How far does this notion of ‘regimes’ carry over into the planning sphere? It is certainly clear from the selection of national examples presented in this book that planning systems and their policy framing vary widely between countries. We can readily see that path-dependence is a strong feature of planning, not least because planning is inherently longer term in its focus and embedded in relatively durable legal structures about governance and land. Whilst there are many detailed ways in which national planning systems may differ, at the same time there are some broad distinctions, or dimensions of difference, which help to define different styles of planning and also help to explain or predict how different systems are likely to perform. In the context of this book, we are most interested in the nature and effectiveness of the system’s response to the overall housing supply problem—enabling the building of enough housing, without encouraging speculative excess, and enabling the provision of affordable housing in sustainable, balanced communities.
We would argue that the key differences between planning systems from this point of view fall into three main categories:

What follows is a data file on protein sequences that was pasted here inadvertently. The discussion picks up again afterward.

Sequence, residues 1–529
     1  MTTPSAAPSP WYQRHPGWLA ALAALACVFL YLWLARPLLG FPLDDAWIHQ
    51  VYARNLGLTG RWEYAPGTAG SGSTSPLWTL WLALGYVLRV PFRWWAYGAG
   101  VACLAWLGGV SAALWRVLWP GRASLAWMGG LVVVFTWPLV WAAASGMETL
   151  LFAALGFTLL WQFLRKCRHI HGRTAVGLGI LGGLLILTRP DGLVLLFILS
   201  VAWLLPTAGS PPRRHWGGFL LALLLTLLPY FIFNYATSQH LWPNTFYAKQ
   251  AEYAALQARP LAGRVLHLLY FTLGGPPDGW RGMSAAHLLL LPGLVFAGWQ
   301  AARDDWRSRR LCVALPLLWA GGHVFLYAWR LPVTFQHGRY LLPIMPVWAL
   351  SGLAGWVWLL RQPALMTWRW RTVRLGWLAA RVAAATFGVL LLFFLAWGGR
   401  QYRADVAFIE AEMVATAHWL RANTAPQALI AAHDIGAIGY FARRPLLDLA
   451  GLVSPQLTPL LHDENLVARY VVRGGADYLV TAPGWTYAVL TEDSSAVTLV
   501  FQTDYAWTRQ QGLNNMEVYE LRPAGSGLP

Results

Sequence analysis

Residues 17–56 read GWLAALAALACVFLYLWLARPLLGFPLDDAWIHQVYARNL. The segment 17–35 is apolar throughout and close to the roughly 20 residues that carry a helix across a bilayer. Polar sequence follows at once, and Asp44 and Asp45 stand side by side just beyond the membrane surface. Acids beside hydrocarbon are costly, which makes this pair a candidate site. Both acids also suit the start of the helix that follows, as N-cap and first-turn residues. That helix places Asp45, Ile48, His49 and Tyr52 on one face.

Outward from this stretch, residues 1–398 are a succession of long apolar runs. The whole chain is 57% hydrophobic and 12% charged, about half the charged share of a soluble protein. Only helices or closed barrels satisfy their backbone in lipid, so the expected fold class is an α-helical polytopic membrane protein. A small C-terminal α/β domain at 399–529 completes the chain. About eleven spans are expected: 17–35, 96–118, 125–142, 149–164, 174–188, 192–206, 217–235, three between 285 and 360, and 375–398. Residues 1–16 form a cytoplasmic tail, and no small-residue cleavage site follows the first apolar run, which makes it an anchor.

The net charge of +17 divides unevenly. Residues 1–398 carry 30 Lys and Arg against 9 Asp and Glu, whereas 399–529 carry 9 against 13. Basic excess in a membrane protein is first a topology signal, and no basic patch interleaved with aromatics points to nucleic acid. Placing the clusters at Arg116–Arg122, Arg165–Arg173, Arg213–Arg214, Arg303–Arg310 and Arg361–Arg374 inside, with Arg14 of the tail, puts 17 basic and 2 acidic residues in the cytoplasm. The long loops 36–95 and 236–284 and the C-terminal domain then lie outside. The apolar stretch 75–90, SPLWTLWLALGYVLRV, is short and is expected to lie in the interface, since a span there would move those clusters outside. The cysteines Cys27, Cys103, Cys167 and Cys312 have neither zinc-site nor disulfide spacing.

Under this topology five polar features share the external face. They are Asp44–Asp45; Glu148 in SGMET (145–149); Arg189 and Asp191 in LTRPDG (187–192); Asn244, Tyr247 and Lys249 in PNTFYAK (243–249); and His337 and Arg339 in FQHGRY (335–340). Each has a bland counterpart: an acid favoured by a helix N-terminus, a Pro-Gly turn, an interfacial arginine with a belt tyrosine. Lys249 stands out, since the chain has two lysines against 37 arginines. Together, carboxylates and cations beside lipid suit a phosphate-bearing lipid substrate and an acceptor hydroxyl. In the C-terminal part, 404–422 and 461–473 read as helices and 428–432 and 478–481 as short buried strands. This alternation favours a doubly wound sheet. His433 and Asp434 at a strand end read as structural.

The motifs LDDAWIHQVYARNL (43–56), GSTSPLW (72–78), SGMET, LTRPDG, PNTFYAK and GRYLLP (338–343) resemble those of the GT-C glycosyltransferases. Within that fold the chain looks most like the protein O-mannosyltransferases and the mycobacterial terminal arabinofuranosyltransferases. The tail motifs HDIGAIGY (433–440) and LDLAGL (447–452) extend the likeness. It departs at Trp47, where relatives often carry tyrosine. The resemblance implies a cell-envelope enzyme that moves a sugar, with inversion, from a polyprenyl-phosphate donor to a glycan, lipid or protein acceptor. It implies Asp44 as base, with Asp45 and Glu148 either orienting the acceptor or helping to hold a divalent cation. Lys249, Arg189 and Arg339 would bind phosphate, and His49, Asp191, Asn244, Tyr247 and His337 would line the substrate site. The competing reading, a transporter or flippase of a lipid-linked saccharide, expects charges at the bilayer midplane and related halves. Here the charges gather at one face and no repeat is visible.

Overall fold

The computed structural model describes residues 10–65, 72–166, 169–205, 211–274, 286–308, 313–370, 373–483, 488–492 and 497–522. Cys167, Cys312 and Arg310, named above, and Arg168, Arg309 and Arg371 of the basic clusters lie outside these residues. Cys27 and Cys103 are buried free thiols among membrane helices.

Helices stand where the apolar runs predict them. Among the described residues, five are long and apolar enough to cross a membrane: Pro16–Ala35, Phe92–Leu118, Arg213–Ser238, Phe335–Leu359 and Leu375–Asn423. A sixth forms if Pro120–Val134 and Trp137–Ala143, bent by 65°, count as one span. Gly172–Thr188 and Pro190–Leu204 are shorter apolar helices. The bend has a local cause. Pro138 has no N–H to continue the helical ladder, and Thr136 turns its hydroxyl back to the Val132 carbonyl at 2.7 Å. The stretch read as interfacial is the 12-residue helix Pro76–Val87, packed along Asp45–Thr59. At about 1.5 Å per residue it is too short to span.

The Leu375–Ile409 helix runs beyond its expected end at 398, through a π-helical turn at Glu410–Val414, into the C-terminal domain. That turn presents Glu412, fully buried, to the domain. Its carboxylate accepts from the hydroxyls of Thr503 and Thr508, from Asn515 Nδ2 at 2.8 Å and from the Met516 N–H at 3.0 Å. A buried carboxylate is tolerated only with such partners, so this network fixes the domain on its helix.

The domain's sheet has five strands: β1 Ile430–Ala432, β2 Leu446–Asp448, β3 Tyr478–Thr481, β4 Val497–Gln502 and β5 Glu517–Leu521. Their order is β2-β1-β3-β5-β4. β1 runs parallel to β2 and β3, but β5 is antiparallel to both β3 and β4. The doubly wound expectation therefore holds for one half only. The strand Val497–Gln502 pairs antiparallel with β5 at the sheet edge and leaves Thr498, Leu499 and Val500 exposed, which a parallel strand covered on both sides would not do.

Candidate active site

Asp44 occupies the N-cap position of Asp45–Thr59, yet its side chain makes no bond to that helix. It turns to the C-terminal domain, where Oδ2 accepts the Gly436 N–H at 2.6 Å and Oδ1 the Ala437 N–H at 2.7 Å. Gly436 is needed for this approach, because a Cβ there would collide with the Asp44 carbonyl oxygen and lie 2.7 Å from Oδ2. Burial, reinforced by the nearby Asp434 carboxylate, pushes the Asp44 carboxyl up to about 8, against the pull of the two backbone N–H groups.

- • whether permission to develop on land allocated or zoned for housing is given as of right or as a matter of discretion, on the merits of the case in terms of multiple criteria (‘zoning versus discretion’)
- • whether land used for development is predominantly in public or private ownership at the stage of initiation
- • whether the governance of planning is predominantly localised or centralised (including strong metropolitan regional planning).
It should also be emphasised that system outcomes will be influenced as well by the basic physical geography of a country or region—the more total land area and the less physical constraints on urban development, the easier it is to increase general housing supply. Thus, one might expect that the USA, Australia or France would find it easier to build a lot of housing than countries such as England, the Netherlands or Hong Kong, which have much less land area relative to population.